Tablet PCs have many advantages for businesses, particularly their portability, lower cost, and increasingly advanced technical capabilities. As file storage increasingly moves to the cloud, it is becoming as easy to access important materials from a small, portable tablet as it would be from a much larger, desktop computer. Similarly, tablets’ lack of direct printer connections is no longer a disadvantage, as it is now possible to print directly from the cloud, as well. You can even connect a portable keyboard to many tablets, if you prefer that to the on-screen option.

Tablets can also be used not only by a business’s employees but offered as an option to customers. For example, in a restaurant, menus can be placed on tablets and used for self-service, allowing patrons to order food at their own pace. Similarly, they can be used to enhance the shopping experience, allowing customers to research different options when they are re-decorating their home, or trying to purchase a new outfit.

Although the iPad probably continues to be the best-known tablet, there are strong rivals on the market, including the Samsung Android tablets, the Kindle Fire, and several more, including tablets that incorporate Windows 8. There are several factors businesses need to take into consideration when deciding which of these options will best help them to connect with their clientele. These are somewhat inter-connected and include:

  • Size
  • Display (resolution)
  • Apps
  • Price

Tablets range more dramatically in size than many people might expect, from 7 to 13 inches. Future tablets may extend this contrast even further, creating some degree of confusion as tablets get smaller while smartphones get larger. However, there is an obvious trade-off between the convenience and portability that comes with the smaller range of tablets and the comfort level that many users may associate with having a larger device to use for work.

Therefore, consider whether your business involves a lot of travel, or even a lengthy commute. In that case, your employees may prefer the smaller-sized tablets. On the other hand, if you want tablets largely to be used in the office, or even for your customers to use while shopping, you may prefer something more substantial. You also want to ensure that the screen is large enough to enable the use of whatever apps you need for your business.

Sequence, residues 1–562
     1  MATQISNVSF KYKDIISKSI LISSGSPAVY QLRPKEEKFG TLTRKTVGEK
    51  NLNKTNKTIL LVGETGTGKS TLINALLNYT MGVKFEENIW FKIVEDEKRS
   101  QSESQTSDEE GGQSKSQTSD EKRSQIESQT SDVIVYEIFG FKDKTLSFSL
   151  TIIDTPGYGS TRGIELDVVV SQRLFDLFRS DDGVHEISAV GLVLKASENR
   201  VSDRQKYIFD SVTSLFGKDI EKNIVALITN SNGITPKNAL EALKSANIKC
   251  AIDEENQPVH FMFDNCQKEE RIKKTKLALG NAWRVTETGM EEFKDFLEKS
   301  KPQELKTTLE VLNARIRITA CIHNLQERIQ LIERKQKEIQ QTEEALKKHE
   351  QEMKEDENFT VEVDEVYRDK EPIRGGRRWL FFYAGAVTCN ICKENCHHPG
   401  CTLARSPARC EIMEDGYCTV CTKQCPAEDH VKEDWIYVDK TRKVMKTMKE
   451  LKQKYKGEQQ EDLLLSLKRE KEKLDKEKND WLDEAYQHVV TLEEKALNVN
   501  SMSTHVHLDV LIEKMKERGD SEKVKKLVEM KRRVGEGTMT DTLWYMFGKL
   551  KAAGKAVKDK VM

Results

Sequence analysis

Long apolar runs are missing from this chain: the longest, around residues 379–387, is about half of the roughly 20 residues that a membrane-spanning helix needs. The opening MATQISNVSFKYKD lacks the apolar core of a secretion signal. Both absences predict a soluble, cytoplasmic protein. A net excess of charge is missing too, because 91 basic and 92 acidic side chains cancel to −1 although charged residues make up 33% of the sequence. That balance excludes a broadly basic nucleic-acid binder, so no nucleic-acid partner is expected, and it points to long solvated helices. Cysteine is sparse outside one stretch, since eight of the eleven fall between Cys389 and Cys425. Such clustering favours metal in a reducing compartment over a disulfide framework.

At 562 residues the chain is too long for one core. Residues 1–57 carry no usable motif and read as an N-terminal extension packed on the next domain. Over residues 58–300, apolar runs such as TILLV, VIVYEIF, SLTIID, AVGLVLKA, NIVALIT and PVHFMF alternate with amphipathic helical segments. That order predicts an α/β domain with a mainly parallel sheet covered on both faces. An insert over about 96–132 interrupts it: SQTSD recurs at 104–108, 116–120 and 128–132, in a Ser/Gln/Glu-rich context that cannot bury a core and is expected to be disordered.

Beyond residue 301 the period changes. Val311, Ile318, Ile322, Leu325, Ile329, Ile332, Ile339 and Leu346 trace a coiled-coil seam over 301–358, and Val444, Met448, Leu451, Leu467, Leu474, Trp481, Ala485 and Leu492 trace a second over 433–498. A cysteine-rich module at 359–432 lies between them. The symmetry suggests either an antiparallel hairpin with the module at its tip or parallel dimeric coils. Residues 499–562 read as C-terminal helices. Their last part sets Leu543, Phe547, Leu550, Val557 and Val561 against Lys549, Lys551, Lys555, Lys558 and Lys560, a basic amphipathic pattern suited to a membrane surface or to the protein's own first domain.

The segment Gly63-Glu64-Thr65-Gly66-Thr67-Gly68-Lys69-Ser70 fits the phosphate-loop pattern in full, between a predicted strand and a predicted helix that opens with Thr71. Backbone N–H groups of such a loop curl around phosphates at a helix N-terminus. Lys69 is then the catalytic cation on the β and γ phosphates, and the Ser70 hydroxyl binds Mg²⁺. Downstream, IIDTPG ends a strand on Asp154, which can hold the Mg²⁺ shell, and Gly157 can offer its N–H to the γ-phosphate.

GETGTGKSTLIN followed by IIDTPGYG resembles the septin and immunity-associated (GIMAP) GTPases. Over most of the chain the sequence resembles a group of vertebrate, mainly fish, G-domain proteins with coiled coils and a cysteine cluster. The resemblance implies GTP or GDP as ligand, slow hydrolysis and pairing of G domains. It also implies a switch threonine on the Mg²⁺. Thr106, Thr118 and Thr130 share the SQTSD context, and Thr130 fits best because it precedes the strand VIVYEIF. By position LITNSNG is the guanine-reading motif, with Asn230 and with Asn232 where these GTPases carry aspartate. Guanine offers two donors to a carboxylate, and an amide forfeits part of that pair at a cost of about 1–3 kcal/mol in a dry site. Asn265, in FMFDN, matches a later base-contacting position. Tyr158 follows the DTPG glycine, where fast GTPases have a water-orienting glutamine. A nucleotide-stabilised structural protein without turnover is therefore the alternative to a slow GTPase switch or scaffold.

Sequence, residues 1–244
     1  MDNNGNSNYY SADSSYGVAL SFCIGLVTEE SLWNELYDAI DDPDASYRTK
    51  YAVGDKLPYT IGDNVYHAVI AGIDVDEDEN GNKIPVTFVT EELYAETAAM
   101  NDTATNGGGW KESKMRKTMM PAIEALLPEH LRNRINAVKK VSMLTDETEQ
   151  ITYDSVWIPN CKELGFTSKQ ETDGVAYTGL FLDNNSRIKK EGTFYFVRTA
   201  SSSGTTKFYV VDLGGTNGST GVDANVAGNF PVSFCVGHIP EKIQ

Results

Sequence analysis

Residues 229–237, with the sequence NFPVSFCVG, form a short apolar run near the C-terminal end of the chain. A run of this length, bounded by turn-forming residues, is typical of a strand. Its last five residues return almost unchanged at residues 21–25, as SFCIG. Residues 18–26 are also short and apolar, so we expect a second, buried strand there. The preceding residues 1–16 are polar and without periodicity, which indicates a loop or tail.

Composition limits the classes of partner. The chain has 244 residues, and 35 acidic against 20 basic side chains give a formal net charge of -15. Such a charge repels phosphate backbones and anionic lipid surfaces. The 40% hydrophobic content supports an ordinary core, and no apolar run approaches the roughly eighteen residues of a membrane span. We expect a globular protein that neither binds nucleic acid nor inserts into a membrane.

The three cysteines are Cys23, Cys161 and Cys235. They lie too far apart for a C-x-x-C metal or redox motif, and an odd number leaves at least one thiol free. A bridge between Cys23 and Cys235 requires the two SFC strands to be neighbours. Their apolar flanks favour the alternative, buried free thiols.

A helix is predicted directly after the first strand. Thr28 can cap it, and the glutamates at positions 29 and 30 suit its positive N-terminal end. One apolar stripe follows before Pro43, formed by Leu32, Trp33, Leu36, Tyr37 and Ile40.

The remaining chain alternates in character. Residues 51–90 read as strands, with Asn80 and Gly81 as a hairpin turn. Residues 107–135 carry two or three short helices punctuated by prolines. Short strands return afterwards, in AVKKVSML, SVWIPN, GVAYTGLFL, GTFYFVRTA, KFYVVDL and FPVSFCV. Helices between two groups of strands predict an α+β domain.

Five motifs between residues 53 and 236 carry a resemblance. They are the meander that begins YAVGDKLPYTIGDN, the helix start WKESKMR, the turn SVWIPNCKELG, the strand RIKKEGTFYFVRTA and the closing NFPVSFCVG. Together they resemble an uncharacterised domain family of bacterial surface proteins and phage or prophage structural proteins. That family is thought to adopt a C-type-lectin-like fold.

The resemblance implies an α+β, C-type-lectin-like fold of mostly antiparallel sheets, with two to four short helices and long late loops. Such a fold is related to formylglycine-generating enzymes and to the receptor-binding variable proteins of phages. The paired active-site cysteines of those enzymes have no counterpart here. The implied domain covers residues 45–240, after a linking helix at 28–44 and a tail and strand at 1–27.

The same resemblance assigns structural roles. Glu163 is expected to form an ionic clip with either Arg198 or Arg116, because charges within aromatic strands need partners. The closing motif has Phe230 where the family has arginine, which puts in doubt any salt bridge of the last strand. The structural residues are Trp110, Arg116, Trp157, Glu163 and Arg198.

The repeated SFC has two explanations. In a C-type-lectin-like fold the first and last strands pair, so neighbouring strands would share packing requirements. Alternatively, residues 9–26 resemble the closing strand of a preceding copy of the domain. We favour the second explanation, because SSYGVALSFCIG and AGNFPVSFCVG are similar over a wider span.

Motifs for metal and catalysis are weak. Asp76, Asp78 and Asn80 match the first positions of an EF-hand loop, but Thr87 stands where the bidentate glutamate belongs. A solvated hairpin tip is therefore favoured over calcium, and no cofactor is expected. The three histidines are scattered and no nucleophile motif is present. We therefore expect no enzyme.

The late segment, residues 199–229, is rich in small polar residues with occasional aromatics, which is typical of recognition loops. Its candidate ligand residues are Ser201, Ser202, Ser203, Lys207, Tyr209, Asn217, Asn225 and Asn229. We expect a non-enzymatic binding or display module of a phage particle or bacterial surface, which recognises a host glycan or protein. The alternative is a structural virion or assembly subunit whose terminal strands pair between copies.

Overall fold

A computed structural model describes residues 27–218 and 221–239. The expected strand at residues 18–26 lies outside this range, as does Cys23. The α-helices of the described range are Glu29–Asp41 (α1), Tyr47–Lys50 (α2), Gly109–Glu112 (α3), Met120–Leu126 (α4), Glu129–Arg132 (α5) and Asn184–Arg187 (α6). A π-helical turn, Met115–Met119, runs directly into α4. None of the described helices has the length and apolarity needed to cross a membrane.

As above, the disadvantage of the smaller, more portable tablets is that their display capabilities may not be as advanced as those that come with a larger screen. Not all tablets come with HD resolution – if you plan to use your tablet for a lot of video display or to read PDFs, you may prefer a tablet that does. Again, a larger tablet is more likely to come with a more advanced display, although there are exceptions like the Nexus 7. Nonetheless, for many businesses the difference between HD and standard resolution may not be important enough to offset the other advantages of a popular tablet like the iPad Mini that doesn’t come in HD.

Apps are a huge part of the tabloid experience. Many businesses will prefer the tablet that allows them to use the apps that they are most familiar with. You want to purchase the tablet that will be most comfortable for your employees and customers to use. Often, this may depend to some extent on your industry. Design-oriented businesses are often inclined to use the Mac line of products, while tech companies may lean toward the Android-based tablets.

Make sure to carefully research which apps are most important to your particular business, and also which system allows you to access them both existing and new apps in the least cumbersome fashion. You might also consider special features like the stylus pen that comes with some of the Samsung tablets, as well as which tablets allow you to utilize a portable physical keyboard.

Particularly for smaller businesses, price is a consideration that must be heavily-weighed against the other factors listed above. There is a fairly substantive difference between the extremes in terms of cost. While the Kindle Fire can cost as little as $200, the iPad is $500 and the Microsoft Surface Pro is $900, with other products coming in at various points along the spectrum. Even more variation is possible depending on customization and add-on features.

Again, it is important to consider your particular business’s needs. If you only intend to purchase a smaller number of tablets, it might be worth it to spend more for the high end of the product line. Cost might also enable you to decide between the larger and smaller tablets. If you’re committed to getting an Apple product, but feel that the iPad is too expensive, the iPad Mini may be a positive alternative. Similarly, the Nexus 7 could be an alternative to the larger, more expensive Android products.

In the end, although it’s important to read consumer and professional reviews of these products, you have to decide which tablet to buy based on which will give you the best value and the best performance when the specific needs of your business are taken into consideration.